The following is part of a series of articles which appeared in the Belfast Telegraph in 1953 under the pen name 'Fina'.
The owner who fell in a duel
NOW, on every fine day, the farmers are busy garnering as much of the harvest as they can save after this wet summer. Driving towards Strangford on one of these blue and gold days of early autumn, I saw a line of men, scythes in hand, moving rhythmically across a cornfield laid low by wind and weather, and impossible to harvest by machine.
Close behind them followed their women kind, gathering and stooking the corn as it fell. These countryfolk were working the fields as their ancestors worked them, when Castle Ward was Carrick na Sheannagh, and before Robert Ward, Surveyor General of Ireland in the time of Elizabeth 1, purchased the estate from the Earl of Kildare.
The original house was built close by the farm and nearer the Lough, and it was from this house that Bernard Ward, great great grandson of Robert Ward, went out to fight against Jocelyn Hamilton, the duel in which he was killed and Jocelyn Hamilton mortally wounded.
Bernard Ward's grandson became Deputy Governor of Co. Down in 1759, and it was about this time that Mrs. Delaney described Castle Ward as being "altogether one of the finest places I ever saw."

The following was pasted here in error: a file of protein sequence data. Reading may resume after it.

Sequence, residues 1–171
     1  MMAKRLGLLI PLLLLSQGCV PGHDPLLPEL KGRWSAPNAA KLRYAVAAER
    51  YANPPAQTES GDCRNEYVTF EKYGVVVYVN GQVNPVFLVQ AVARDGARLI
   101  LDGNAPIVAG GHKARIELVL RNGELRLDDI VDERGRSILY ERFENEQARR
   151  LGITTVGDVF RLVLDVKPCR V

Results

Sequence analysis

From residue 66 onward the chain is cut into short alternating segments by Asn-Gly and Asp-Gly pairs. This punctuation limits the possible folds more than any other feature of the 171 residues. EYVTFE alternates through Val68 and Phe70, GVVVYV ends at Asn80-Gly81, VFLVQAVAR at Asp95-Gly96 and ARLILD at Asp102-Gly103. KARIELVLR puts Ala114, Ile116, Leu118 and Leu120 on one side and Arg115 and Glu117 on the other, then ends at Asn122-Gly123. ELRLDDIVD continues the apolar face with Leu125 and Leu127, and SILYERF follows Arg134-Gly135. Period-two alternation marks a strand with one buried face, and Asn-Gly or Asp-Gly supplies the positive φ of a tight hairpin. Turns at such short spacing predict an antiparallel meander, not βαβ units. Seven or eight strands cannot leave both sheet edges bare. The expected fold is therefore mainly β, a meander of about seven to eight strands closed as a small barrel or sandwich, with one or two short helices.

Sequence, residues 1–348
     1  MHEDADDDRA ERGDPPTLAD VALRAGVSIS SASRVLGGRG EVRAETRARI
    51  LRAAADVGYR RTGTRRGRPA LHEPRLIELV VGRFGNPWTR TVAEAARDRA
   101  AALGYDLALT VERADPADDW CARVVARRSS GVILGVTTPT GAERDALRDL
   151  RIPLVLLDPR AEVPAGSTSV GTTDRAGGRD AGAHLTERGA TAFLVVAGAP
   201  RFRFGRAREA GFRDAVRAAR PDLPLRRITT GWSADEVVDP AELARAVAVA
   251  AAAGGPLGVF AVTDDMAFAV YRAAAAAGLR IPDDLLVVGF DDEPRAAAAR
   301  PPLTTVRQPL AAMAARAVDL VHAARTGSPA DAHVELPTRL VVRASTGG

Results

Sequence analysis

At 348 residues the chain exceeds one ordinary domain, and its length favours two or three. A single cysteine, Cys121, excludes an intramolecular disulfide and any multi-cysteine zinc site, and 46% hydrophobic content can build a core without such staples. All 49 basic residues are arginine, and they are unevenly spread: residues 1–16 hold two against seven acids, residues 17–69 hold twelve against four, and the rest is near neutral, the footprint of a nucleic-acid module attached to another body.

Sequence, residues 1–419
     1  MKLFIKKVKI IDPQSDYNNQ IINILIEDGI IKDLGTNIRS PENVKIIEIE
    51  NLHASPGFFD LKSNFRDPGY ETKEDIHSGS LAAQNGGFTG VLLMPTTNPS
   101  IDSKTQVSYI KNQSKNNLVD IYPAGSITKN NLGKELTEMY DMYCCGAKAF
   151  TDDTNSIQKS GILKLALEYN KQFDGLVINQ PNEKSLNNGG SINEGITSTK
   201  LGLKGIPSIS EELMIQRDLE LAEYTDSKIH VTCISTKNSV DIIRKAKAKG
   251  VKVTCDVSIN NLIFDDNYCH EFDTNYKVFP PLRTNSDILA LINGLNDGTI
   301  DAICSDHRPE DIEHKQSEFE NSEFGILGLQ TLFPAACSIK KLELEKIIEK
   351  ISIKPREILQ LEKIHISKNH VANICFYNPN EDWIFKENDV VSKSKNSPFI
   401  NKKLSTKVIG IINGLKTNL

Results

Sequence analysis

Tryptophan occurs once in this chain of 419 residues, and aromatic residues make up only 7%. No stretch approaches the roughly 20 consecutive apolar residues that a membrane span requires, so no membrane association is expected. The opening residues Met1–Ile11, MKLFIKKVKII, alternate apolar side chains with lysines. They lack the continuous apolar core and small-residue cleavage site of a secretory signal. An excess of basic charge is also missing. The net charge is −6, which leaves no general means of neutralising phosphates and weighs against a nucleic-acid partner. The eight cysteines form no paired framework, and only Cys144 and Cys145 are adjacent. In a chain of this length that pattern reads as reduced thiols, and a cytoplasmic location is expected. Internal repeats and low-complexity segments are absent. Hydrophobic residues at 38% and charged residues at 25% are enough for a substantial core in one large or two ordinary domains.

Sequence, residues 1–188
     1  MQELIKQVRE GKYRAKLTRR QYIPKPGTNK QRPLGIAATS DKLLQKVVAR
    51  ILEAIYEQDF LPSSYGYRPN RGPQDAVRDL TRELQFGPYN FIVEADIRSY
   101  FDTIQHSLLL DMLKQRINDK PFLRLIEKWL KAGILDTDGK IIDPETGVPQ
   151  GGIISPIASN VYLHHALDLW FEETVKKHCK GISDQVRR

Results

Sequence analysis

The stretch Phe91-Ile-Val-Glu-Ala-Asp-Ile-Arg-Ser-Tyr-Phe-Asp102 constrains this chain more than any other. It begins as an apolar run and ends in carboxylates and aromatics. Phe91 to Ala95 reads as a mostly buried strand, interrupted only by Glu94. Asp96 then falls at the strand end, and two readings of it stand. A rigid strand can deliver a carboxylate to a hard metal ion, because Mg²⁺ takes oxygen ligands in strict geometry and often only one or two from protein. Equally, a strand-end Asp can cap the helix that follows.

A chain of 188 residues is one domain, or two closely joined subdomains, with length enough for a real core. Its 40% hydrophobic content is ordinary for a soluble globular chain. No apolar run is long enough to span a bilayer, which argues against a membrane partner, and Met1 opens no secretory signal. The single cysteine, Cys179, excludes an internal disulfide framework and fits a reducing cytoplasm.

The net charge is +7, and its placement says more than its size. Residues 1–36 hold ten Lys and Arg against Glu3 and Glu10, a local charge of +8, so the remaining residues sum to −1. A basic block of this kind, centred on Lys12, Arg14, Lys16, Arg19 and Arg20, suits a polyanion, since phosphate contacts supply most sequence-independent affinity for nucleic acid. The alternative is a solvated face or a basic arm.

However, the Deputy Governor of County Down wanted a finer mansion, albeit he and his Lady found some difficulty in deciding upon the architectural style; he wanted a dwelling in the classic manner, she desired something fashionably Gothic, as Mr. Walpole's house at Strawberry Hill. Husband and wife compromised, with the curious result that at Castle Ward one side of the dwelling has the pointed windows and battlements of the Gothic taste, whilst the other side has a severe classic elevation.
A letter from Mrs. Delaney to her sister, written about the time of the erection of the new dwelling, gives us her opinion. She wrote:
"Mr. Ward is building a fine house, but the scene about it so uncommonly fine it is a pity it should not be judiciously laid out. He wants taste, and Lady Anne is so whimsical that I doubt her judgment. If they do not do too much they cannot spoil the place, for it hath every advantage from nature that can be desired."
In 1770, Mr. Ward was created Baron Bangor. A faithful account of the style of living at Castle Ward about this time is given to us by Sir James Caldwell, of Co. Fermanagh, who, on October 12, 1772, having business with Lord Bangor, called at Castle Ward and was invited to dine and spend the night. Here is an extract from his diary:—
"There was an excellent dinner, stewed trout at the head, chine of beef at the foot, soup in the middle, a little pie at each side, and four trifling things at the corners.
The second course of nine dishes was made out in much the same way. After the cloth was taken away the fruit – a pineapple, a small plate of peaches, grapes and figs, and the rest, pears and apples. During dinner two French horns of Lady Clanwilliam's played very fairly in the hall next the parlour.
Portraits of the Ward ancestors hang in the dining room at Castle Ward, and, as Lady Bangor has handed this historic house to the National Trust, next year the public will be privileged to see these portraits and the treasures that the house contains.
Next week: Stormont Castle.
Belfast Telegraph, 2 September 1953.